Despite corrosion, mechanical difficulties and challenges with upgrades, Russia’s lone aircraft carrier, the Admiral Kuznetsov, may wind up returning to service after all – or not. However, following many problems and malfunctions, the platform has been drydocked since 2018 for refitting.
The carrier first emerged in 1985 and proved to be a key part of what was a Soviet ambition to build a two-carrier fleet, yet the collapse of the Soviet Union in the early 1990s complicated and ultimately derailed plans to build a second carrier. Instead, Russia’s would-be Varyag carrier was sold to China and became the PLA-Navy’s first carrier.
A return to the fleet for the Admiral Kuznetsov would be extremely surprising and quite an accomplishment, given that multiple news reports, say the damage and corrosion to the boat causes substantial erosion of its metal structures.
For example, a previous essay in Pravda.com from as recently as January 2023 reports that Russia’s only carrier will not be in a condition where it can return to deployment.
“Ship repairmen warned the military that the condition of Admiral Kuznetsov does not allow it to be deployed due to the high probability that it would sink or capsize. During the examination, it was revealed that the metal structures below the third deck of the ship were significantly corroded. The holds are filled with muddy water, which makes it impossible to examine the ship in detail from the inside,” the Pravda paper states.
The Pravda essay also cites indications that the efforts of Russian weapons developers working on the Admiral Kznetsov have been compromised by disagreements among workers. The repair process has also already been slowed down and damaged by accidents, as there was a 2019 engine-room fire on the carrier which has created a need for additional adjustments.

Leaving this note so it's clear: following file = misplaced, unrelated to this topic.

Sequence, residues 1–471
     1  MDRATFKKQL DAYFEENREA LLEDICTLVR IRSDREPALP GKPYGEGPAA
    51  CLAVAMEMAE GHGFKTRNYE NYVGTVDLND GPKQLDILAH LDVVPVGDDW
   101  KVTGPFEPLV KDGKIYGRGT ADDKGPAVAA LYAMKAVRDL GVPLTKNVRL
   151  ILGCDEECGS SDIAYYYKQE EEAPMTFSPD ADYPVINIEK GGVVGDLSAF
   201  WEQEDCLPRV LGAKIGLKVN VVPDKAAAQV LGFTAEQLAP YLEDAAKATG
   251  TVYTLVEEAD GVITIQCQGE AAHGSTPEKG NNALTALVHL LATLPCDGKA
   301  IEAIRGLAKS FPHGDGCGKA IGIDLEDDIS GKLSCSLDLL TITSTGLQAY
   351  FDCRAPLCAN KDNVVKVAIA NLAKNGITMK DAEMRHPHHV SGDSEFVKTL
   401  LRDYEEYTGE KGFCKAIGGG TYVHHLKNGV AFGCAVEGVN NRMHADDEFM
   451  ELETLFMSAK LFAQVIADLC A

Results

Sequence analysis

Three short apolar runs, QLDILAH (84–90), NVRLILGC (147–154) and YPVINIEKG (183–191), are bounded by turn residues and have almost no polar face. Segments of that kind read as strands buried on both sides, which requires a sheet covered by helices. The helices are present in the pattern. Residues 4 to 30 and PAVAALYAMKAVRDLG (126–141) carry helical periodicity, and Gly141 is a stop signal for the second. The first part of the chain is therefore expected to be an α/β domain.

Russia plans to deploy and sail the ship for another 15 years after its service return. However, that seems to very much be in question.
Problems with Russia’s carrier seem to align with other significant tactical and strategic nuances.
To what extent does Russia truly wish to deploy a Navy that is substantial and lethal enough to project power beyond its borders? It seems extremely unlikely that the Russian Navy can position itself to be a large, influential global Naval power. That requires more of a U.S.-like fleet of multiple carriers. It might not seem realistic for Russia to seek to rival the US in terms of Naval power in any way
Perhaps not, however, there are clear reasons why Russia would want a carrier, if even for regional or limited purposes. Should the carrier return to service with any carrier air wing, it might position Russia to hold NATO allies along the Black Sea at risk of attack and also defend its airspace from the ocean. Russia clearly appears to have regional ambitions in the Black Sea, which includes coastal borders from Bulgaria, Romania, and Turkey, among others.
Of course, Russia and Ukraine border the Black Sea as well, and the U.S. is known to at times operate warships in international waters in the area. An ability to launch cruise missiles or fighter jets from offshore does present a credible threat to Ukraine and other NATO allies, something which likely explains why Ukraine has had some success destroying Russian warships with land-fired missiles.
Kris Osborn is the Military Affairs Editor of 19FortyFive and President of Warrior Maven – Center for Military Modernization. Osborn previously served at the Pentagon as a Highly Qualified Expert with the Office of the Assistant Secretary of the Army—Acquisition, Logistics & Technology. Osborn has also worked as an anchor and on-air military specialist at national TV networks. He has appeared as a guest military expert on Fox News, MSNBC, The Military Channel, and The History Channel. He also has a Masters Degree in Comparative Literature from Columbia University.